And i was present when one engineer followed the process of fault-finding perfectly for over 15 minutes .. then finally asked the user if she could see any lights at the back of the machine .. only to be told she couldnt see the back of the machine because it was too dark .. because the power had failed about 20 minutes before .. And he was very polite to her too ..
Paris because I think she would improve Paul Mcartneys song-writing ..
best one I remember
or worst one... depending on your POV.
I was working in a call center... that lasted 3 weeks. The users weren't the problem though. but I digress.
I didn't actually get this call. But it did happen on my shift. we got many laughs out of this one. we were providing support for some knockoff brand sold on QVC or HSN to people that generally didn't even know what a computer was, much less how to use it. anyhow...
guy calls and says his computer won't turn on. this is actually a normal call. seems the motherboards liked to be reset after shipping and sometimes needed the power button to be held in for 30 seconds to get them to work. no biggy... go down the list.
Support: is the power cord securely in the computer?
Support: what's the power cord plugged into?
user: power strip.
support: what the power strip plugged into?
user: power strip?
support: another power strip?
support: sir, the power strip does not generate power and needs to be plugged into a wall outlet.
user: *plugs strip into wall and tries power button again* ok... that's got it. it turned on now. thanks. *click*
we got many many laughs out of this one.
not a "remote" support issue but....
Several years ago I found my (supposedly IT-literate) boss looking dumbfoundedly at one of several test PCs, so I asked him if there was a problem. He told me he was trying to switch on one of the machines, but it didn't work.
I checked the mains socket. All okay.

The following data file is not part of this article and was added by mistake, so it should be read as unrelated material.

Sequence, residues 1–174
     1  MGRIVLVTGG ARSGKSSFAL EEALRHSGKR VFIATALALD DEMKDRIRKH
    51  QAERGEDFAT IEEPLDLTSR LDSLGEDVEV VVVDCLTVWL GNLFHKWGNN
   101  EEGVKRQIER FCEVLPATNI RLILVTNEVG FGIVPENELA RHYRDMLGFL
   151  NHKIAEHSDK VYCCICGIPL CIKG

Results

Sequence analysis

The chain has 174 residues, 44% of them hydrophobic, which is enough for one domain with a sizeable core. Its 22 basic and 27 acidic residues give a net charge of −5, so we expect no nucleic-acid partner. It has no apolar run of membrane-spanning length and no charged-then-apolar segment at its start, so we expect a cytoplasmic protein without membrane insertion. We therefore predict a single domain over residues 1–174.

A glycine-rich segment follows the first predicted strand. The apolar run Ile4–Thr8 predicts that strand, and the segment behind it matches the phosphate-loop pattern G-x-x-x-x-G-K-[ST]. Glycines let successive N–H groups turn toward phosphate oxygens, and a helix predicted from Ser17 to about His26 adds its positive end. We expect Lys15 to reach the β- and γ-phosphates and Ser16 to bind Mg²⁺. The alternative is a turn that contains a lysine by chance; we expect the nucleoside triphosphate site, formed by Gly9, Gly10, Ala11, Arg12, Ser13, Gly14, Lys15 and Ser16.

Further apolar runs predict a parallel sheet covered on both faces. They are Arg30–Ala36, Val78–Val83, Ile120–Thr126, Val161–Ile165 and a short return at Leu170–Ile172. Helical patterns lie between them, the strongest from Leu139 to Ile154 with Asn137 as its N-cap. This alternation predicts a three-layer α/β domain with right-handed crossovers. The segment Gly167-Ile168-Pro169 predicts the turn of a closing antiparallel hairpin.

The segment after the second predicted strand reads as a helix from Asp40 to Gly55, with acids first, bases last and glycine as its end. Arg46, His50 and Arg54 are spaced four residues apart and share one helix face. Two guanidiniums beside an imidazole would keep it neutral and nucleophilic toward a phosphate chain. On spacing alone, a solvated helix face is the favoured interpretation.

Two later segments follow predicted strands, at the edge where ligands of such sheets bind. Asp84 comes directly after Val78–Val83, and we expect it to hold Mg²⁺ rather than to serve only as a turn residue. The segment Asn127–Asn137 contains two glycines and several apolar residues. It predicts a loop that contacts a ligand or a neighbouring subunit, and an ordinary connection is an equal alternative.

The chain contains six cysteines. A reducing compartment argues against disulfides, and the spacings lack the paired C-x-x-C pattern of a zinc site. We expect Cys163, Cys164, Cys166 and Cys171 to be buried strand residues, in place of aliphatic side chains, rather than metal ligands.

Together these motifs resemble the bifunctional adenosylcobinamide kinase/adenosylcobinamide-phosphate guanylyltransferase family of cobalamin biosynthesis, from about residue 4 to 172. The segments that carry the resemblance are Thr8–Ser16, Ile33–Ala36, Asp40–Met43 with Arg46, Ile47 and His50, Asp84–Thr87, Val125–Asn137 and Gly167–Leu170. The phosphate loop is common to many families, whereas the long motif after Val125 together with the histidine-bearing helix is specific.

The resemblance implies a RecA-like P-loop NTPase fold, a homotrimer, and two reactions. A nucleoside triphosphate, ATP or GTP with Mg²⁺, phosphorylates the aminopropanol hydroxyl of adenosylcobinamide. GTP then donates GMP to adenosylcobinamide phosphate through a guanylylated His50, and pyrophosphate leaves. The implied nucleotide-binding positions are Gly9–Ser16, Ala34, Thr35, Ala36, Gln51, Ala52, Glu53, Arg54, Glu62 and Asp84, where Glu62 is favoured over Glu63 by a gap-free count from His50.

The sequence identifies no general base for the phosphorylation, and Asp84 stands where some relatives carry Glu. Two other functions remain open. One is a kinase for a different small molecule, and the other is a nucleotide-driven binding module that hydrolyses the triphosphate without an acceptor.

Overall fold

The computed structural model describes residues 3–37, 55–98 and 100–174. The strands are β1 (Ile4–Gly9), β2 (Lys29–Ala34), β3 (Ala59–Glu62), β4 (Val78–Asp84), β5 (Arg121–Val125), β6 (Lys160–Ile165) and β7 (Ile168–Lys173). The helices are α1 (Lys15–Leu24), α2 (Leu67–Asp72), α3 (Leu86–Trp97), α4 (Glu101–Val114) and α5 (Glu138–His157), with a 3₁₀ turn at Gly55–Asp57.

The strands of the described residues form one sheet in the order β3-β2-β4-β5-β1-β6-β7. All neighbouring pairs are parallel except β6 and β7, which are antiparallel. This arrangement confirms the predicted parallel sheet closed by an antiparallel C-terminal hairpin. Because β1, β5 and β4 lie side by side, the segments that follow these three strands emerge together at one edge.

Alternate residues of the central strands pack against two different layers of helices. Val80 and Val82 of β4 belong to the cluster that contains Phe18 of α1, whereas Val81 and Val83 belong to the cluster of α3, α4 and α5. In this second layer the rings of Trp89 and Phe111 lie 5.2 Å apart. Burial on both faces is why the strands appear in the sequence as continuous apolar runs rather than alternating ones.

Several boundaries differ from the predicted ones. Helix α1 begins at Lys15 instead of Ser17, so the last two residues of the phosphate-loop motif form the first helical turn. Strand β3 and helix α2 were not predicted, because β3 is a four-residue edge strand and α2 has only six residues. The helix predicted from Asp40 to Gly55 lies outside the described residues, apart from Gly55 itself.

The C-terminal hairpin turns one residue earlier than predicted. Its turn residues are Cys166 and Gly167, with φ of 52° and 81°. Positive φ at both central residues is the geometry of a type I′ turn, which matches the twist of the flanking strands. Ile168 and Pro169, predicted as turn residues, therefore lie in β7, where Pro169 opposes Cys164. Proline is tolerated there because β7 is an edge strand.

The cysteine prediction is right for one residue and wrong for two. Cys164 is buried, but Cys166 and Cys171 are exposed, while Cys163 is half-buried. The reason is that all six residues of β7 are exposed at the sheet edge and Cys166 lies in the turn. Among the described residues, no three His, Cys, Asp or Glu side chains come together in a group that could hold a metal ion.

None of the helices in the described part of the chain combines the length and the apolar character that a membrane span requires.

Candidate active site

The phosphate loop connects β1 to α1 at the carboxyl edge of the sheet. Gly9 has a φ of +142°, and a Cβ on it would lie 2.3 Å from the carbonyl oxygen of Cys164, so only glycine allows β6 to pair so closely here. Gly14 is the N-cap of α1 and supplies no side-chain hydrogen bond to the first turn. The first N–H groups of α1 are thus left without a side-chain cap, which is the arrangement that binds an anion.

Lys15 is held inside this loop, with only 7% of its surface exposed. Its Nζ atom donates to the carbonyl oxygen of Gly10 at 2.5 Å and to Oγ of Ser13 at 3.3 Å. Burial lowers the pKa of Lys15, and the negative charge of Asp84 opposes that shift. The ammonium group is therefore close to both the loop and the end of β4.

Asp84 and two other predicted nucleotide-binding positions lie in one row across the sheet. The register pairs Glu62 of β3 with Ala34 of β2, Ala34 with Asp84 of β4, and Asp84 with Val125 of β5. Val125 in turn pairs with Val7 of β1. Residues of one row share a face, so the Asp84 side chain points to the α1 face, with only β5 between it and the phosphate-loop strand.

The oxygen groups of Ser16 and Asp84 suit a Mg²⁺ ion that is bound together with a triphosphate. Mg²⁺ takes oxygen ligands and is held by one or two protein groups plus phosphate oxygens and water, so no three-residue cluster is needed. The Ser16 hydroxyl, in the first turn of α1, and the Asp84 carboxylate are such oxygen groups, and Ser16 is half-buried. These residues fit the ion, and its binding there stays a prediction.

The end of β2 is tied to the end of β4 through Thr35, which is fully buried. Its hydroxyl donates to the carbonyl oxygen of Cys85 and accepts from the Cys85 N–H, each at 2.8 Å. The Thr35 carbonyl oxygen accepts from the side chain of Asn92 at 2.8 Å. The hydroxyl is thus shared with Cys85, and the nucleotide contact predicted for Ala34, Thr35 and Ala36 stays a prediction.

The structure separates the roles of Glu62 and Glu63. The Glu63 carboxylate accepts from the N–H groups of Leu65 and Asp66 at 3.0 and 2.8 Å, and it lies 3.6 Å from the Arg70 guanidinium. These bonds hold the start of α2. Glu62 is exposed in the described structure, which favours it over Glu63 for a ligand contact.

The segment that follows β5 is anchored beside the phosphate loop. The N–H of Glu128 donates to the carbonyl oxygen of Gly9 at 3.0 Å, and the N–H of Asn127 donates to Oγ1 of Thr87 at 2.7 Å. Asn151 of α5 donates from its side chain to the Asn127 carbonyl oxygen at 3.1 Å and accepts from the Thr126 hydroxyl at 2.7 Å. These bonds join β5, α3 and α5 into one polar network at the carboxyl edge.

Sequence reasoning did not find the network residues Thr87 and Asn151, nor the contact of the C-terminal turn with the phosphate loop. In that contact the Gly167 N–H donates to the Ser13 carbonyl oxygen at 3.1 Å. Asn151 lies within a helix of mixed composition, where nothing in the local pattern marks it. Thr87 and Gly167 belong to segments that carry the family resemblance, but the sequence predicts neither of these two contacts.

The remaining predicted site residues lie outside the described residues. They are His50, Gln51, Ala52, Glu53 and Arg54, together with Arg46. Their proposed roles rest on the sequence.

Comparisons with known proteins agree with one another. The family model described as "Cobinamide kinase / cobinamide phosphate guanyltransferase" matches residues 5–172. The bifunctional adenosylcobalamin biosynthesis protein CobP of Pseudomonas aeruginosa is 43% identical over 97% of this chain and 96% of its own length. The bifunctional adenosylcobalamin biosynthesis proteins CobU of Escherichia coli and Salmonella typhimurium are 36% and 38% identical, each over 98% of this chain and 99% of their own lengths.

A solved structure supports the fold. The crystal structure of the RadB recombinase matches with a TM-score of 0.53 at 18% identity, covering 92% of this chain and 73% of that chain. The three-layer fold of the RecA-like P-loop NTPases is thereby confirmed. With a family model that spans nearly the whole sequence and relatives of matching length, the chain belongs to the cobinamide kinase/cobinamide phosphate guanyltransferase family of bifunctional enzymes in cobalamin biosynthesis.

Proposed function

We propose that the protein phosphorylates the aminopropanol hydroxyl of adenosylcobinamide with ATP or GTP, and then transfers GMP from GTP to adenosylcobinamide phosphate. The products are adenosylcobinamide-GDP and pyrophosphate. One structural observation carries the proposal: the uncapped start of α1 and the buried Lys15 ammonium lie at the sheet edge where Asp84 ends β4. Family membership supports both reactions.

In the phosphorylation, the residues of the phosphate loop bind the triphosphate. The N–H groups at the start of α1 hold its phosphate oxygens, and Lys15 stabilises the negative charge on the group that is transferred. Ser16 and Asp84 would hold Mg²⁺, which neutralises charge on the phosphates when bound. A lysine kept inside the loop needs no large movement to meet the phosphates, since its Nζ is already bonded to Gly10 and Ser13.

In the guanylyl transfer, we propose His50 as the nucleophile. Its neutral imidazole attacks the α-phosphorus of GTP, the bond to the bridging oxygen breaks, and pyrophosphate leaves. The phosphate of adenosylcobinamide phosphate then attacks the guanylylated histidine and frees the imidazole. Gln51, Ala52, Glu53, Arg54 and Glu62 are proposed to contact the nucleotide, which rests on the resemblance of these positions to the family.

I checked the cables at the back. All present and plugged in correctly.
I checked that the monitor was connected and switched on. All fine.
I asked him to try again to switch it on, at which point I discovered what the problem was.
He was pushing the floppy eject button.
Hell desk with actual customers
My favourite one when I read through the system we used to use for call logging:
Customer had bought a pc from PCW, worked fine for a while.
After about 2 months of having it, it wouldn't go on the 'net anymore, apparently his base unit was talking to him and it was scaring him, then it stopped working altogether.
The agent had tried to get the pc up and running again but failed, so he sent out an engineer.
The engineer arrived to find a house with windows covered with silver foil, when he looked at the pc he saw that the guy had drilled a hole in the top of the base unit and filled it with expanding foam 'To stop the voices' the engineer promptly left before he got turned into a stew or something.
The only thing we could think of that would cause the base unit to speak to him was his isp phone number being wrong and the loudspeaker on the dialup modem telling him to 'please replace the handset and try again'
His warranty was nullified and I think he got placed on a watchlist.
I vaguely remember another customer threatening to kill his mother if we didn't send him an engineer, I think his call records were about 500 pages long.
The devil is in these guys.
Back when Gateway were actually selling computers worth owning their support was in meltdown so they started doing a kind of group support call where people with similar problems were allowed to listen to the calls before them in the queue. I guess the idea is that you magically find your solution from the last guy without the support monkey even needing to speak to you.
So I'm trying to get a replacement mobo going and I'm listening to the guy a few places before me in the queue trying to get an additional harddisk installed. The operator had spent 20 mins or so taking him through opening the case,, moving the cdrom cage out of the way, fitting the drive, screwing it in etc. He moved onto IDE cables and jumper settings;